Dressing Sharp and Casual for the Man in His 30s
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You are no longer in your 20s and can't dress like a college guy anymore, but you are also not yet in your 40s so middle age hasn't caught up with you. You are in the middle years, the prime of your life, and need to figure out how to dress in your 30's.
If you dress like you are in your 20s, you may not be taken seriously. You'll be seen as immature or inexperienced. Conversely, if you dress like you are much older than you are, you may be seen as past your prime…. no longer an up and comer or worthy of being invested in.
This article is intended to help you find that perfect line between a young man and middle-aged, to teach you how to dress in your 30's.
You will discover:
The Best Look is a Varied One
Do you know what doesn't impress anyone? Being “the _____ guy.” The guy who always wears sweaters. The guy with the one stupid fedora he wears everywhere, no matter what the rest of his outfit is. The guy who always wears suspenders, even with a belt. That guy.
And, less unique but equally unvaried, there's always the guy who just wears jeans and a non-descript shirt and sneakers whenever he's not required to dress up.
Don't be any of those guys. The quickest way to impress people with your look is to vary it. Introduce new fabrics, new colors, and new styles and articles of clothing so that you're never a “that guy.” Figuring out who you are and what kind of stylish man you are is just as important as figuring out how to dress in your 30's.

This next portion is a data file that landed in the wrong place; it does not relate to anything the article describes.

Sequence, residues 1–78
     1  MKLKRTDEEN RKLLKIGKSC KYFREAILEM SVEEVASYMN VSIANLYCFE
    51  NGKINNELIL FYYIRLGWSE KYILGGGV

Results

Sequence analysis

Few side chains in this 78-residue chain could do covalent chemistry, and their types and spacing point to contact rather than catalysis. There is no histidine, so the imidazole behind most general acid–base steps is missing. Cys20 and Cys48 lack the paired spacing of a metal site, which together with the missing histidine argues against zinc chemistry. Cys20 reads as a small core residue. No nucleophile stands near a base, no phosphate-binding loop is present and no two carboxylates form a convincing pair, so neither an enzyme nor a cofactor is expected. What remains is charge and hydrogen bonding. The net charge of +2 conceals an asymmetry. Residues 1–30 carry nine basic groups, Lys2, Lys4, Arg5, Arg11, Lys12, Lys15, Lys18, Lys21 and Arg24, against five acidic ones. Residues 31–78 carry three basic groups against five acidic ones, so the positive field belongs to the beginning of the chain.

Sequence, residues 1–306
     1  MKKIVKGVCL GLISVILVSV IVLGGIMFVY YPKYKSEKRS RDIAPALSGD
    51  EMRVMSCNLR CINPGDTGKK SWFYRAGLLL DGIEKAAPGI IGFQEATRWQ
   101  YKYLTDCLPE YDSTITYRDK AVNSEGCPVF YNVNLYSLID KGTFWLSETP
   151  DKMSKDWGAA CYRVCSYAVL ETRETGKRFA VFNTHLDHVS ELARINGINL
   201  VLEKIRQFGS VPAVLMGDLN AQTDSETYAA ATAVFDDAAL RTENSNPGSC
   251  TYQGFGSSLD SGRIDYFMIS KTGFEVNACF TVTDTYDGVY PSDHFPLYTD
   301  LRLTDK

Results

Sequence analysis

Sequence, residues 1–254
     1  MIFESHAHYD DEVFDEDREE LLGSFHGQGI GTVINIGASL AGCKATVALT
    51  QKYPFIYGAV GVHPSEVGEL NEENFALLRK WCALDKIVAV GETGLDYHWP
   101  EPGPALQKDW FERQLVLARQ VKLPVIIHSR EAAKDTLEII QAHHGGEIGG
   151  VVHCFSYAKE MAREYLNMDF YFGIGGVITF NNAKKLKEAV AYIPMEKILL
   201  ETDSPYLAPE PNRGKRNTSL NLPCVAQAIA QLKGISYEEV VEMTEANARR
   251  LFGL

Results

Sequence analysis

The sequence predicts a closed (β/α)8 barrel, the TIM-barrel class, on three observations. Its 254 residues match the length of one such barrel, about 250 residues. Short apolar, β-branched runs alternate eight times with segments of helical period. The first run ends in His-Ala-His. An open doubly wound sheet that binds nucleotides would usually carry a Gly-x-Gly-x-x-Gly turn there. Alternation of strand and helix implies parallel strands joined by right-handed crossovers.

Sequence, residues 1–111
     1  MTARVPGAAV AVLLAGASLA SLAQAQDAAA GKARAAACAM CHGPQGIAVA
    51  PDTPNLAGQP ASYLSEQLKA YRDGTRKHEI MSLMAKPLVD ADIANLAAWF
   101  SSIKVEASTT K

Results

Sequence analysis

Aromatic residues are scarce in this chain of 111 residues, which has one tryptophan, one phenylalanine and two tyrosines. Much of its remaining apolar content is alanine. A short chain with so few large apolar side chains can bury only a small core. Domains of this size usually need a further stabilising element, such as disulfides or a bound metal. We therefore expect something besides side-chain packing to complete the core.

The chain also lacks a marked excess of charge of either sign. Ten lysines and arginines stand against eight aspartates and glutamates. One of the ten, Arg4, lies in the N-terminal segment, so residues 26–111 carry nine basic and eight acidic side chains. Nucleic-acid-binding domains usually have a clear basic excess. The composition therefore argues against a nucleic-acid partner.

If you've never done much stylish dressing, your wardrobe is probably based on some simple staples right now. Let's take a look at those staples — and at some alternatives, you can wear that fill the same role, but add a little style.
- Blue jeans – There's nothing wrong with these, some of the time. Get them dark and close-fitted and they look great. But throw in some corduroys, khakis, colored chinos, and wool dress slacks too. So many men wear the same type of trousers every day that a man who varies his up always stands out. Check out our denim buying guide.
- T-shirts – Don't throw out the plain white undershirts, but get ready to move away from baggy tees with graphic logos or designs on them. Those are a younger man's game and you're learning how to dress in your 30's, not your 20's. Start wearing casual collared shirts instead: short-sleeved work shirts, polos, and patterned dress shirts. They give you a little more class without overdressing things.
- Sweatshirts – Ditch the college hoodies, and save performance fleece for actual mountain-climbing. Wear light sweaters and cardigans instead, or fall/spring outer layers like jean and leather jackets.
- Coats – Similarly, upgrade a generic canvas or nylon coat to a sturdy sportcoat or blazer. With a sweater underneath, they'll hold up until the snow starts falling. Own a good wool overcoat for when that happens.
- Sneakers – Gym shoes are for the gym. Outside its walls, wear leather shoes most of the time. Casual loafers, brogues, and boots all work well. So do leather work shoes. Colored canvas sneakers (think Converse All-Stars) have a fun, funky look, but unless you actually play in a rock band, you're pushing your luck with them at thirty-plus.
Make the upgrades you need to, a little bit at a time. It doesn't have to be an overnight transformation.
In fact, it's better if it's not — it gives your friends and co-workers time to adjust.
Remember, it may feel like a huge change to you, but the odds are no one is even going to comment if you show up for work one day in a pair of dark brown chinos rather than blue jeans.